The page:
|Off-farm efficiency [% increase]||0||0|
|On-farm efficiency [% increase]||0||0|
Refer to Appendix 2: Resources for Outcomes - Expenses and Resources for Outcome 4.
- Letter of transmittal
- Executive summary
- Outcome 1 - Conserving our natural assets
- Outcome 2 - Living and working sustainably
- Operation of the Hazardous Waste (Regulation of Exports and Imports) Act 1989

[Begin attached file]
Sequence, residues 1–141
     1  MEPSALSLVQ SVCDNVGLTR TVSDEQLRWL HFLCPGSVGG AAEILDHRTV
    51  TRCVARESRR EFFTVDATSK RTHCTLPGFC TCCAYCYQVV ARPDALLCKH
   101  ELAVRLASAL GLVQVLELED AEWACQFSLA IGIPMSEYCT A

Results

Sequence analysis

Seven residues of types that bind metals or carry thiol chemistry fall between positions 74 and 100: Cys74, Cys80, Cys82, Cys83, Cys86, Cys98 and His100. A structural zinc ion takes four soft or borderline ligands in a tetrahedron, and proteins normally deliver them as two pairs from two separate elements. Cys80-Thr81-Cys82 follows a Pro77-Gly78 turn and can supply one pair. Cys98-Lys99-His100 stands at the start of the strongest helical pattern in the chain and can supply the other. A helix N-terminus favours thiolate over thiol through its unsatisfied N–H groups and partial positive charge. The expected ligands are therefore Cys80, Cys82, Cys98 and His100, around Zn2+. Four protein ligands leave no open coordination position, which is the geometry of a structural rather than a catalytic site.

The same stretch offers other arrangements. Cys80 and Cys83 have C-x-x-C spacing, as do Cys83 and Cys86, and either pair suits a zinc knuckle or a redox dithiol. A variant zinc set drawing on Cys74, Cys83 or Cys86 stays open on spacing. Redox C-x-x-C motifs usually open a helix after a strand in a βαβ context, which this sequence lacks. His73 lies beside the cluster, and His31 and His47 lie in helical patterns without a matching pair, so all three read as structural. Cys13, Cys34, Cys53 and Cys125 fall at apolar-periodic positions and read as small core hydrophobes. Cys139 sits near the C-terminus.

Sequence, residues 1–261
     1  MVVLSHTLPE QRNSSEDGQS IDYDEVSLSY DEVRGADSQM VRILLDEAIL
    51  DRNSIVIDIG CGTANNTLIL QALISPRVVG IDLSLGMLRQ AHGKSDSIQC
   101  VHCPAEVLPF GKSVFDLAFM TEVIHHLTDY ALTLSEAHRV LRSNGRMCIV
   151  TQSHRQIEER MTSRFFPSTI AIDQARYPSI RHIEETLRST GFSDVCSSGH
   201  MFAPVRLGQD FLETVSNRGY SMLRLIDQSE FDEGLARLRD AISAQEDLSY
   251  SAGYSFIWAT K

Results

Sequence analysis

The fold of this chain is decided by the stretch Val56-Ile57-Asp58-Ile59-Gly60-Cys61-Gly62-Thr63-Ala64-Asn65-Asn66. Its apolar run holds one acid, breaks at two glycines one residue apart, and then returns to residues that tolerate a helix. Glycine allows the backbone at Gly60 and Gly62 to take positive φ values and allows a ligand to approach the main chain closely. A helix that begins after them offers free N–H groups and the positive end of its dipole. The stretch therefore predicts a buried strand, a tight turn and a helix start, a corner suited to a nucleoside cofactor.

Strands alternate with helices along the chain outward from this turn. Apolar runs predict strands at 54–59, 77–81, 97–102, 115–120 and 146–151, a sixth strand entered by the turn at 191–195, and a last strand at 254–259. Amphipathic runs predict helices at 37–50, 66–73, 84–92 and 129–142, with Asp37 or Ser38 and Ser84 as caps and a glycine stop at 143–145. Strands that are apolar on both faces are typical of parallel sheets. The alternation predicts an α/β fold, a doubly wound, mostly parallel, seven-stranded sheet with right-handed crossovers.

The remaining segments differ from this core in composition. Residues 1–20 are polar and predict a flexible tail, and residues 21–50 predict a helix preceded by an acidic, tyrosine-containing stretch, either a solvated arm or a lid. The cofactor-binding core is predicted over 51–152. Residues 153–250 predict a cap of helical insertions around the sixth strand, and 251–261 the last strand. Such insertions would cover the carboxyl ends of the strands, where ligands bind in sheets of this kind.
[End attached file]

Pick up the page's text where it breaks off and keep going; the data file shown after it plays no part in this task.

- Operation of the Ozone Protection and Synthetic Greenhouse Gas Management Act 1989
- Operation of the product stewardship arrangements for oil including the Product Stewardship (Oil) Act 2000
- Operation of the Fuel Quality Standards Act 2000
- Outcome 3 - Protecting Antarctica
- Outcome 4 - Adapting to a future with less water
- Outcome 5 - Protecting and enhancing Australia's culture and heritage
- Corporate Outcome - Improving organisational effectiveness
- Financial statements
- List of requirements